4. Wrap the toy game (6 months +)

Source: The Complete Idiot’s Guide to Baby Brain Games by Jennifer Lawler, Lawrence E. Shapiro, Ph.D.

This game turns something old into something new while encouraging your baby to figure out how to unwrap the toy.

What to Do

  1. Simply wrap a couple of old toys or household objects in wrapping paper or old newspaper (go easy on the tape/ribbons!)
  2. Tear a corner of the paper to show your baby that something’s inside.
  3. Watch her figure out how to get to the toy and watch her surprise at seeing a new toy emerge, even if it is an old favourite.

5. Guess which hand game (9 months +)

Source: The Complete Idiot’s Guide to Baby Brain Games by Jennifer Lawler, Lawrence E. Shapiro, Ph.D.

Once your baby has developed the concept of object permanence, you can play this game which challenges him to develop reasoning skills.

What to Do

  1. Show your baby a small object or toy (be careful of objects that are small enough to pose a choking risk).
  2. Close your hand and ask “where is the toy?”
  3. When your baby reaches for your hand, open your hand and say “Yes that’s where the toy is”.
  4. If he doesn’t reach for a hand open your hand and show it to him saying “Here’s the toy.”
  5. Then close your hand and ask again. He will soon learn to touch or gesture toward your hand.
  6. When he’s able to do that close your hand around the toy and then close your other hand. Show both hands to your baby and ask “Where is the toy?”. Because he saw where you put it he should be able to point to the hand that holds it.
  7. If he points to the wrong hand, open that hand and say “No, not there. Where is it?” He will reason that it must be in your other hand and point to that.
  8. Eventually you can play the game without showing him where you put the object and he will guess which hand.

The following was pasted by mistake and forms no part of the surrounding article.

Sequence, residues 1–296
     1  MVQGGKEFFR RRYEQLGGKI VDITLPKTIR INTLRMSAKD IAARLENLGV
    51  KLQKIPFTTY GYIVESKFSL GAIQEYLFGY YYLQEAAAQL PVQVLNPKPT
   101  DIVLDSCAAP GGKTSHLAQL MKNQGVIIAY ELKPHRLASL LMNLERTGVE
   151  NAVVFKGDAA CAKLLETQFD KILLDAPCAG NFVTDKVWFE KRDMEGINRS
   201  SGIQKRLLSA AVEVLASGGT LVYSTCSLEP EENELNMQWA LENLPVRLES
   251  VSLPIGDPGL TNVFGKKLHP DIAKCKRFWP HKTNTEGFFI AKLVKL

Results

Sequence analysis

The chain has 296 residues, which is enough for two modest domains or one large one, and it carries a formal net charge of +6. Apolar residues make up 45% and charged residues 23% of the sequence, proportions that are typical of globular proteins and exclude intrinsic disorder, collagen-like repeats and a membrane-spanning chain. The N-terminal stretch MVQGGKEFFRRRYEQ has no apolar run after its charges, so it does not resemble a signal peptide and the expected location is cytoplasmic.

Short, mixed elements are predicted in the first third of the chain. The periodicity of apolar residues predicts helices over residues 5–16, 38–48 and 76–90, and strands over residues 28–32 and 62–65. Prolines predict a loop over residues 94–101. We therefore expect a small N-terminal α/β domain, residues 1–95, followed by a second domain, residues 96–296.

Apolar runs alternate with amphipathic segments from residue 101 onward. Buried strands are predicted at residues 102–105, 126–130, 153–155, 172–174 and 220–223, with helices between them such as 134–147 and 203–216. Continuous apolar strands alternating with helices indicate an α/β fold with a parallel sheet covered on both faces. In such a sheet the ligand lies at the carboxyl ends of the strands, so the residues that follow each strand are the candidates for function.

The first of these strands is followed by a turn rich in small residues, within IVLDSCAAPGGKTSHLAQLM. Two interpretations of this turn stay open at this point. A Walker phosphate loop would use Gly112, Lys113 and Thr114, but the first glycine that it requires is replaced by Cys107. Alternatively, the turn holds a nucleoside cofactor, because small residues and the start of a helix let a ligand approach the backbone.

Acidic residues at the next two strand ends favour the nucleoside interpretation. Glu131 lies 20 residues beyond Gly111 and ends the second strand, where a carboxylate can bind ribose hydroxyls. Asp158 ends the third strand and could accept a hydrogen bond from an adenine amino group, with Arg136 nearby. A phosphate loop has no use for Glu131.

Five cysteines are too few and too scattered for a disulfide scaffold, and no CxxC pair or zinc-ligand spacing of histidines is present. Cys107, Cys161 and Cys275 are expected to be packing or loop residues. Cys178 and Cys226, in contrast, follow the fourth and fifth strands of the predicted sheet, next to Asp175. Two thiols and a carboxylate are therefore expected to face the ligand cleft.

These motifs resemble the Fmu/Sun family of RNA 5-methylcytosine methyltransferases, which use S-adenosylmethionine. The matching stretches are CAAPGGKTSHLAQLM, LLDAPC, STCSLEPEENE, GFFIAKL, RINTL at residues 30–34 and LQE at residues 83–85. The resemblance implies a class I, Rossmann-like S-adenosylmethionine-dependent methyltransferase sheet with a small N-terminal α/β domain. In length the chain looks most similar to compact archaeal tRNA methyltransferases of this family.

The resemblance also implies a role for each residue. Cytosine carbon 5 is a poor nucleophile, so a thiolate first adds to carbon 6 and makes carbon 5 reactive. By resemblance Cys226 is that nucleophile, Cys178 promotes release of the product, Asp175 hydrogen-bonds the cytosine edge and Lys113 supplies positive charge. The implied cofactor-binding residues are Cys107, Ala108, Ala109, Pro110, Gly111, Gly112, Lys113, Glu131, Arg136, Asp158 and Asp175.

Lawler, J., &  Shapiro, L.E .Ph.D. (2008)  The Complete Idiot’s Guide to Baby Brain Games, Indianapolis, IN: Alpha Books.

Masi, W.S, & Leiderman R.C, (Eds) (2001) Baby Play, San Francisco, CA: Creative Publishing International.

Medina, J. (2010) Brain rules for baby: How to raise a smart and happy child from zero to five, Seatte, WA: Pear Press.

Silberg, J., (2001) Games to Play with Babies, Beltsville, MD:Gryphon House.

Join my 8 session program of 100+ music activities for you and bub for only $15/month.

I sing and demonstrate the actions. You’ll soon be singing along, sharing smiles and giggles with baby and feeling great for playing an active role in your baby’s development.

Sarah Richard-Preston

I'm Sarah Richard-Preston, creator and presenter of The Bubble Box - a program of music activities for you to share with your baby. I demonstrate the activities through streaming videos, right here on The Bubble Box website. I'm a qualified teacher with 13 years experience in early childhood education and I am passionate about music and the developmental benefits music promotes. Join me online in my 8 session music program today to give your baby's development a boost and make the most of precious baby time.